The joint agreement was signed in the wake of the second annual “health check” on the city’s festivals since the last major report on the future of the city’s flagship cultural events, which are estimated to be worth more than £313 million to the economy.

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The study, Thundering Hooves 2.0, a follow-up to a previous report in 2006, warned that many of Edinburgh’s “competitors cities” were investing in new infrastructure to try to challenge its long-standing success.

It said: “While they will never be able to replicate the city [Edinburgh] they are starting to expose some of the weaknesses of the Edinburgh offer.”

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A key recommendation of that study was that the city and the festivals “do not rest on their laurels and become complacent.”

It also warned that Edinburgh risked losing its “premier division status” if investment was not maintained in its festivals.

Details of the deal between the city council and the festivals have emerged weeks after a new £10m funding boost from the local authority was confirmed. Organisers of the city’s main festivals have also pledged to try to raise a further £5m through commercial sponsorship and private donations over the next few years.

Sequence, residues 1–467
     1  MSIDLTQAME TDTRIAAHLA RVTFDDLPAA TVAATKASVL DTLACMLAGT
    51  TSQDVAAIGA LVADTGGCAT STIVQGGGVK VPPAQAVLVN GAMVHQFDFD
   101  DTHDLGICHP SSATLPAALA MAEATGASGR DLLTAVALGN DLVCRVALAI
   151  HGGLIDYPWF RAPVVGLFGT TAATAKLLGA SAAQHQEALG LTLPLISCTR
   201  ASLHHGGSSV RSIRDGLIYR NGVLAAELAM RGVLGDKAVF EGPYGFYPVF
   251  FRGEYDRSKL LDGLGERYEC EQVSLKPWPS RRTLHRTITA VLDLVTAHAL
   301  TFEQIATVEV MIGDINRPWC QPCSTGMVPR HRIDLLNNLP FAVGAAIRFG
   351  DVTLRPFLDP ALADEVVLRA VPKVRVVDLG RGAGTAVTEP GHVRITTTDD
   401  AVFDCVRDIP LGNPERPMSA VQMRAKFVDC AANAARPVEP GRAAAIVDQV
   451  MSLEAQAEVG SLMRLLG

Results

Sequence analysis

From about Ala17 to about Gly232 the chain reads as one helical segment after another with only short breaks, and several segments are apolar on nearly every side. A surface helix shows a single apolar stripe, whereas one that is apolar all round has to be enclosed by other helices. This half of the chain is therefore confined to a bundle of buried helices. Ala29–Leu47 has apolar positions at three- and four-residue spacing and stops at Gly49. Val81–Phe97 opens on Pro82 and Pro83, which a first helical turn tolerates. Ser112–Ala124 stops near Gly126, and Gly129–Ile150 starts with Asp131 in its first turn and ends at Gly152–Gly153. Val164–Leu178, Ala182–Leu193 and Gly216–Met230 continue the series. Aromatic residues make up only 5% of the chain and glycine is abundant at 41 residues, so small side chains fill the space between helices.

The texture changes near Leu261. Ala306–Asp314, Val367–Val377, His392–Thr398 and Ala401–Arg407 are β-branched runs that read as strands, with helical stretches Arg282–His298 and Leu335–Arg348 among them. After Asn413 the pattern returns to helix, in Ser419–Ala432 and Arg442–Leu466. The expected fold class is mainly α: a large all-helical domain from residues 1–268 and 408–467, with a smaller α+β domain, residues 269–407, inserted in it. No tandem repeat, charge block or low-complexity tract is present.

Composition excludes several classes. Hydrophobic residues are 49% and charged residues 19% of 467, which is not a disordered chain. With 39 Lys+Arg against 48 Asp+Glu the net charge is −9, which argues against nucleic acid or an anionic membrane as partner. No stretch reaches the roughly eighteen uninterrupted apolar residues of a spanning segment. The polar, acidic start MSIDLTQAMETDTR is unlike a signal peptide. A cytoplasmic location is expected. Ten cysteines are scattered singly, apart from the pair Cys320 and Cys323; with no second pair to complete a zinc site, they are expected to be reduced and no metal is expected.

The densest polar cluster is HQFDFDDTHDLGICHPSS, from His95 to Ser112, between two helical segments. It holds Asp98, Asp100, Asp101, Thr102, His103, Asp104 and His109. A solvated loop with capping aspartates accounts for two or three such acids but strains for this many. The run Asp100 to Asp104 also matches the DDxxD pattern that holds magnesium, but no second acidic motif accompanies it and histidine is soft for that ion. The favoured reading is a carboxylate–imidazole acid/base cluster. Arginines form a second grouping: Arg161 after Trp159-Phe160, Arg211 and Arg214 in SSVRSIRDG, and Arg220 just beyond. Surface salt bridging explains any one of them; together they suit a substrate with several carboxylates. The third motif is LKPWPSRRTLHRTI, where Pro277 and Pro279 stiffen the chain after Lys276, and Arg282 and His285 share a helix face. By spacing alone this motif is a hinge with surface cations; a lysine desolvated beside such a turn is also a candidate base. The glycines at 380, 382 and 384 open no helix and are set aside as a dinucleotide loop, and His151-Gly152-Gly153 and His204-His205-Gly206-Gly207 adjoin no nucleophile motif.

However the health check has revealed concerns over the future “risks and impact” of Brexit on the festivals and a lack of progress in identifying alternative funding mechanisms for the festivals in the longer term.

A key aim of the new joint agreement is to ensure Edinburgh’s festivals provide “an unrivalled experience for its citizens, artists, audiences and opinion formers from across the world”.

Priorities identified for the next few years include “modern infrastructure, physical and digital, maintaining

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Edinburgh’s attractiveness as a cultural capital”, a high quality environment, reflecting the city’s premier status as a world class place to live, work, study and visit, and strengthened cultural offers that maximise use of the festivals’ infrastructure and expertise to grow tourism and employment opportunities.”

The new festivals agreement states: “The world-renowned festivals are one of Edinburgh’s unique assets.

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“Collectively, they ensure that the cultural, economic and international strengths of the city are recognised across the globe, and they offer a key platform to benefit the citizens and the economy of Edinburgh, Scotland and the UK.

“The latest economic impact study from 2015 shows that the festivals in return generate a multiplier effect of 67:1 for the city’s financial investment, enabling them to develop local livelihoods and artists’ careers while also offering national and international platforms for top homegrown talent.

“Addressing the priorities set out here will help ensure that the conditions are in place for sustained growth, and that the potential of the Festivals can be realised in playing a leadership role for Edinburgh, Scotland and the UK and delivering the benefits of culture-led development.”